Located in the northern part of Laos, the town of Luang Prabang has a modest population of 55,000 people, but its size belies its importance to history. Once an independent city-state, it both fought and joined the Khmer Empire at different times. In the modern era it gained some French influence before independence.
Lauded by UNESCO as “an outstanding example of the fusion of traditional architecture and Lao urban structures with those built by the European colonial authorities in the 19th and 20th centuries,” the town boasts a variety of temples, each one different in its own way.
The name of the town means “Royal Buddha image.” It is an appropriate title, as you can see the Buddha in the temples scattered all around. On a day when Kim wasn’t feeling well I decided to go out and explore some of the temples. Although I only took in a handful of them, they gave me a sense of the historical value of this northern Laotian town. They also included a trip to the highest point in the city, a high hill that is usually referred to as Mount Phousi (of Phou Si). From the top I had excellent views of the city and surrounding countryside.
Most of the temples I visited had nominal entry fees, but all were worth the price of entry. My first stop was Wat Sen (also called Wat Sene), located along the historic district. Originally built in 1718, Wat Sen was built with 100,000 stones from the Mekong river.
The next place I went to was Wat Xieng Thong, just a short walk from Wat Sen. It was built by King Setthathirath around 1560, and has been a significant monastery until the present. Considered an integral part of the royal capital of Laos, it was a place where the Laotian kings were crowned until the fall of the monarchy in 1975.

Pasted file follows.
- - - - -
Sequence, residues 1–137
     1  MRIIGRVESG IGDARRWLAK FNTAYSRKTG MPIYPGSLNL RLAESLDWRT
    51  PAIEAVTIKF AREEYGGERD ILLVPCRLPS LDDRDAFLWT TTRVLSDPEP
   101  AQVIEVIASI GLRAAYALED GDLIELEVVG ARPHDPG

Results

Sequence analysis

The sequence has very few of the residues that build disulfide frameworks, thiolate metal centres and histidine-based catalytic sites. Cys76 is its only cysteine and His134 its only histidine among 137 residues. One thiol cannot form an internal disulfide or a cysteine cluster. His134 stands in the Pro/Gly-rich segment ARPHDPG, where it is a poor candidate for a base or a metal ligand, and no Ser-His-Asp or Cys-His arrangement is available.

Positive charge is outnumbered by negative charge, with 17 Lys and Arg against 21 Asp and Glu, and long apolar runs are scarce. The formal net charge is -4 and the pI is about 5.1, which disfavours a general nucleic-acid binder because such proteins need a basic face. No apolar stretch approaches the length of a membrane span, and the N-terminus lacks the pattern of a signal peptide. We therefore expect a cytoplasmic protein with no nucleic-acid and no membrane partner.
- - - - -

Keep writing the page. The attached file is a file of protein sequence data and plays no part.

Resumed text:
Located on the same street as the night market, Wat Mai Suwannaphumaham, more commonly known as Wat Mai, is one of the largest temple complexes in the town. Founded in 1780, it is located near a residential neighbourhood to the south-west of the downtown area.
The designs on this temple were different than the previous one, with elaborate scenes about the life of Buddha painted on the sides of the buildings.
The final and most striking destination was a climb up Mount Phousi, the highest point in Luang Prabang. Although it isn’t a mountain there are more than 300 steps to reach the top. There are two entrances to enter. One is on a main road next to the royal palace museum. You can’t miss it as there are large signs nearby. The one I took below was the less-used one that begins on the other side of the mountain. You can find it on a quiet dirt road near the river. It has the advantage of having a more scenic climb.
There was a wide variety of statues, and there were Buddhas in a number of different poses and positions including a large reclining Buddha about halfway up.
Different stairways, shrines, small temples and statues could be found all along the way. There was something to see around every corner as I went up, and it was very quiet on the day I went.
About half-way up there was a shrine where I could see a small opening next to it that went down and behind the shrine. Ducking my head under the huge slab or rock overhead I took the stairs and made my way down.
Underneath there was another shrine hidden in an alcove below.
Eventually I reached the top of Mt. Phousi and the That Chomsi temple situated there. From there I had great views of town and the nearby Mekong River.